Architecture in the Palouse

In this week’s edition of our normal finding-the-architecture-in-the-landscape, we turn to the architecture in the Palouse.  As I mentioned, the farms are so big that the buildings are few and far between.  Tom showed us a photographer’s map of the Palouse, which actually mapped all the picturesque barns, grain elevators (and even lone trees) for the region, as potential focal points for landscape photographs.  However, whatever the architecture may lack in number, it makes up for in size.  As in other agricultural areas we’ve visited before (such as southern Idaho, or southern Utah), grain elevators are the dominant type.

The town of St. John has a grain elevator that looks not so much like a building as it does a whole city of grain elevators.  In fact, the parallel holds true even at a deeper, structural level:  the elevators were built at different times and by different companies.  Just as in a city, the form is a reflection of the historical process of growth and change over time.

The metal siding develops an interesting character over time.

In Oakesdale, we came across JC Barron’s flour mill, which is apparently being slowly restored. 

Outside the town of Palouse:

In Ewan, on the way to Rock Lake:

In Endicott, where a concrete and a framed elevator coexist.

There are a few built edifices that are not elevators.  Near Pine City, we came across this corral for hay bales.  Our friend Jug tried to explain its function to us, but I’m still not sure I buy it.  It may have to do with moving and storing hay bales, but it seems entirely too elaborate for that.  I think they just wanted to do something that had that machine-in-the-garden look. 

We meandered down to Pullman, and got to see the WSU campus.  This is the only picture I could grab.  As Greta and I discovered three years ago, it is almost impossible to park anywhere within miles of big university campuses.  All parking lots are designated for those with stickers, and the traffic is usually so heavy that you can’t even stop.  So we did a driving tour of the campus (not too bad), and then drove downtown, where visitors could be accommodated.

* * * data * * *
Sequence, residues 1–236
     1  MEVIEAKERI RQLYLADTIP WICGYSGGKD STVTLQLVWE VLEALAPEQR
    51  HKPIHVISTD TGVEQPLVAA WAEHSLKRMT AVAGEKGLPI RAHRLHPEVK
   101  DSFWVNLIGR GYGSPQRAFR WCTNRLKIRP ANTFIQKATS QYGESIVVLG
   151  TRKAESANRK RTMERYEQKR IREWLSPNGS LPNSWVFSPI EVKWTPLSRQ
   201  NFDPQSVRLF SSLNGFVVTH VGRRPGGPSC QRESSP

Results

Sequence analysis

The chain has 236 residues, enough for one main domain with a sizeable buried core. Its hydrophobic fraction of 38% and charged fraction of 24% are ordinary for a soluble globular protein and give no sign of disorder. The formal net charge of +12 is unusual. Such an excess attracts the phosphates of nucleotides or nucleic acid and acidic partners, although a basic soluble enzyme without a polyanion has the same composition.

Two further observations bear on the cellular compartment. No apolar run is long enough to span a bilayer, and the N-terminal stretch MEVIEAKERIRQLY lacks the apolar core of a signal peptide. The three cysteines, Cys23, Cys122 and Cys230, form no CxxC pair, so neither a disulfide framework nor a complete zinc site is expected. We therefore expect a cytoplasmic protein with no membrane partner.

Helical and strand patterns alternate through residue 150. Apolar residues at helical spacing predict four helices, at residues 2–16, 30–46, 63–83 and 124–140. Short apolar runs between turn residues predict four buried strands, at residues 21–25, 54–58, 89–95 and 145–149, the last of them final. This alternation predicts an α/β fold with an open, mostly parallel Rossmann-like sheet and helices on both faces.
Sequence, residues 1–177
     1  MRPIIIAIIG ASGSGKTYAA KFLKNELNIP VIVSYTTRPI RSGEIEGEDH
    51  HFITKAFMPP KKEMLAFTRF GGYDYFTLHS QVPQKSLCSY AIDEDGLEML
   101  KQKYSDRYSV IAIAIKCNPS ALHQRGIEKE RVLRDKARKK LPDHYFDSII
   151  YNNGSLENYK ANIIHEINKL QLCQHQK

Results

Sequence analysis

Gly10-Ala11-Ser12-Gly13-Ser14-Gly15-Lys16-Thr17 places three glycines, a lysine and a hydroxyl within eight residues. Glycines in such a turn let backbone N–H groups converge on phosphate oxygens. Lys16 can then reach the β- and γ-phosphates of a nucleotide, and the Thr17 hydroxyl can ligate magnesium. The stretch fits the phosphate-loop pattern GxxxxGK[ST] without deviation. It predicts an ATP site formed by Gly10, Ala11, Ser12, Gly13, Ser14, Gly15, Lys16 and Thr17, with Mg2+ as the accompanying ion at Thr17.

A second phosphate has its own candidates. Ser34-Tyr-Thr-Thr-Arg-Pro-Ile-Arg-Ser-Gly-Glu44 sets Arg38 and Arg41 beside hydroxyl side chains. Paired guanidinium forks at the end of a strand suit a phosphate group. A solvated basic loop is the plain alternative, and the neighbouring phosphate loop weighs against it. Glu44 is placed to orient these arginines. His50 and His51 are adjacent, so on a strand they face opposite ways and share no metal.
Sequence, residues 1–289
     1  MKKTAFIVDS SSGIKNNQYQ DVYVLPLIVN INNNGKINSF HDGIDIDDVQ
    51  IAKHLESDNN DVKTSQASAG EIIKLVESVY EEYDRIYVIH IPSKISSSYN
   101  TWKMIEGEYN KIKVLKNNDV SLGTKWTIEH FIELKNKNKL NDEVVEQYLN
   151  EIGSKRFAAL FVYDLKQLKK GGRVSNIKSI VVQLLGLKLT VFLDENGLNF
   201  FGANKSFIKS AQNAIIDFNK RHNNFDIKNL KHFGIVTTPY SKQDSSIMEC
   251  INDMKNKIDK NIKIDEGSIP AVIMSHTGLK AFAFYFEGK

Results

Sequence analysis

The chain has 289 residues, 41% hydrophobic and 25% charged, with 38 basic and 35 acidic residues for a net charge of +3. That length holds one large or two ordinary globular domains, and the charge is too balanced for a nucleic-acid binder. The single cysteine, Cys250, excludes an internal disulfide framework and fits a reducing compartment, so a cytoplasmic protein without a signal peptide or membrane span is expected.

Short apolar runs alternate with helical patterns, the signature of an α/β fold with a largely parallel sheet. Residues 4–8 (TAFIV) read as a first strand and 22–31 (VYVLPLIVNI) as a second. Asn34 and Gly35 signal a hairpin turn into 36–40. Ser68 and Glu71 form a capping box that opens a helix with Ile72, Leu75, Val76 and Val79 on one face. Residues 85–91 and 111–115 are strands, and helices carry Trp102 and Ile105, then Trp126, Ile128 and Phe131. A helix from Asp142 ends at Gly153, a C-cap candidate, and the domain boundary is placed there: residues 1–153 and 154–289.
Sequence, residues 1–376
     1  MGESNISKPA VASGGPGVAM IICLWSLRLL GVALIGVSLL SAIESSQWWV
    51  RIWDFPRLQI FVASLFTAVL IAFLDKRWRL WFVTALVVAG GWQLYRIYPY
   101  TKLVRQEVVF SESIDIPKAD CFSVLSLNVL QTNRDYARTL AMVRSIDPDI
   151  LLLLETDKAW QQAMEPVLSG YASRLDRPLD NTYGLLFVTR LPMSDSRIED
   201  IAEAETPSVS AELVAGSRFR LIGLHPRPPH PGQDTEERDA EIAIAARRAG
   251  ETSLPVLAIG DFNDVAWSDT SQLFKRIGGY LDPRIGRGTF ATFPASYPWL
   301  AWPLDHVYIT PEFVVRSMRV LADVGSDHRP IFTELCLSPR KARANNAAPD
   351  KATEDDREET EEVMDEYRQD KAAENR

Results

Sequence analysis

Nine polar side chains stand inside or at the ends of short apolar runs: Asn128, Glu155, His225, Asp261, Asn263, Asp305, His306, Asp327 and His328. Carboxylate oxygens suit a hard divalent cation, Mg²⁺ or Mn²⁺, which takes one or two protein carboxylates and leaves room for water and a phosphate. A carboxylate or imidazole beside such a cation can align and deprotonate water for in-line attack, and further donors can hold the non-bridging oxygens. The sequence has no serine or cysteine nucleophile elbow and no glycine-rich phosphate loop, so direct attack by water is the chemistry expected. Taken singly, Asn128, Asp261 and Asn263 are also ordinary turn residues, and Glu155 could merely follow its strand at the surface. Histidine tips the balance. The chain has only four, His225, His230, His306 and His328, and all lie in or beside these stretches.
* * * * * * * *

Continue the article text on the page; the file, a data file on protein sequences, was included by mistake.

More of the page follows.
The architectural highlight of the trip was the Round Barn in Ewan.  It was just superb, and clearly is being well-maintained, with a recently replaced shake roof. 

The owner graciously allowed us to go inside, and we climbed a rickety ladder to the hayloft, where we found this:

It should be known as the Pantheon of the Palouse. 

As always, the strongest impressions came from seeing the contrast between the landscape and the built environment, whether from the top of Steptoe Butte,

or one of those picturesque barns that had been mapped (this one on the road between Endicott and St. John). 

Wind turbines are starting to edge out the elevators as the big things in the landscape. 

And sometimes the effect comes from rhythm rather than form. 

Once in a while, it is not even a building, but the simplest manifestation of human intention that leaves a strong trace upon the land. 

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1 thought on “Architecture in the Palouse

  1. Jerry Finrow

    I never really appreciated the Palouse until later in life, there are also some fascinating little towns out there which have some wonderful brick main streets. I remember visiting a Gladding McBean brick factory near Spokane with my dad which made bricks since the 1900’s and where used to build many of the store fronts in towns like Oakdale and Palouse and others. Of course the factory is now gone, but I do recall the incredible brick kilns they used to fire the bricks. These photos are a walk down memory lane for me, thanks for sharing….

    Like

    Reply

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